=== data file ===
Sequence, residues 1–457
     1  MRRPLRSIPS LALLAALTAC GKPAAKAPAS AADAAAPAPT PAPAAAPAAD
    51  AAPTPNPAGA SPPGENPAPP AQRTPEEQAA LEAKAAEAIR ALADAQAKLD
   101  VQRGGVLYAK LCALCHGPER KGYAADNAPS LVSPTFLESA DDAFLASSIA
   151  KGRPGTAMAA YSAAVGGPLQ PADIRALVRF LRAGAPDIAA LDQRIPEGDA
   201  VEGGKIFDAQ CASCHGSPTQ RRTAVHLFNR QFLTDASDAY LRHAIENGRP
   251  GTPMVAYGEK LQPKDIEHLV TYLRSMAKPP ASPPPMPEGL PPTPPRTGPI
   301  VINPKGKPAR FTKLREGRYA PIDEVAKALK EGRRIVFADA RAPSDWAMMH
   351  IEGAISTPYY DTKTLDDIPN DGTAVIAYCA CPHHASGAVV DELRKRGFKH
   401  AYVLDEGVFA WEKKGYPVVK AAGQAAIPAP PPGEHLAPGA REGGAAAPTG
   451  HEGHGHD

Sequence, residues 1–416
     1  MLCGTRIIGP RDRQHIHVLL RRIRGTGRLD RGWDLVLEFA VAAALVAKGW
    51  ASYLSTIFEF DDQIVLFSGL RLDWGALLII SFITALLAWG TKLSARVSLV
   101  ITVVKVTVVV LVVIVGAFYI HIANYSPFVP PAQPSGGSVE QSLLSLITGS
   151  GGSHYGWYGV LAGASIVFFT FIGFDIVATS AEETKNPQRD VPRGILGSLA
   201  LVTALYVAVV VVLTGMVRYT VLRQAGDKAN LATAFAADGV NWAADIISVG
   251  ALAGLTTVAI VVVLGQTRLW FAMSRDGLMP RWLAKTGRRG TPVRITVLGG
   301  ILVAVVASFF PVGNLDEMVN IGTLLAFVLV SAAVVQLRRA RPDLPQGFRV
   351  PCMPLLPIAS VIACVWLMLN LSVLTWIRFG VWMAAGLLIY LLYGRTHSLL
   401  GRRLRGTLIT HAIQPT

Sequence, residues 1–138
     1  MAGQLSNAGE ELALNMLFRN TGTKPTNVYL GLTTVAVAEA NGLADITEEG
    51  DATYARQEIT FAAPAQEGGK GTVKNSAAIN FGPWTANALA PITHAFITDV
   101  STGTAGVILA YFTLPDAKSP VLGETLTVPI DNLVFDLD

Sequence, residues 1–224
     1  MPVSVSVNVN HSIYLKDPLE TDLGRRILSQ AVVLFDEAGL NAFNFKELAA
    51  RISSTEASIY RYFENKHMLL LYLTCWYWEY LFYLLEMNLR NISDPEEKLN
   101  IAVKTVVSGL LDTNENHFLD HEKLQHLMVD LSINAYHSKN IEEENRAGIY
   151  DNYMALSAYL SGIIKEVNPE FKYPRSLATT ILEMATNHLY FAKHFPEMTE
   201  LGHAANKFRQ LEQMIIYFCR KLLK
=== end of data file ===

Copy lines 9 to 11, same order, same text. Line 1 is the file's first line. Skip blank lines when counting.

   351  IEGAISTPYY DTKTLDDIPN DGTAVIAYCA CPHHASGAVV DELRKRGFKH
   401  AYVLDEGVFA WEKKGYPVVK AAGQAAIPAP PPGEHLAPGA REGGAAAPTG
   451  HEGHGHD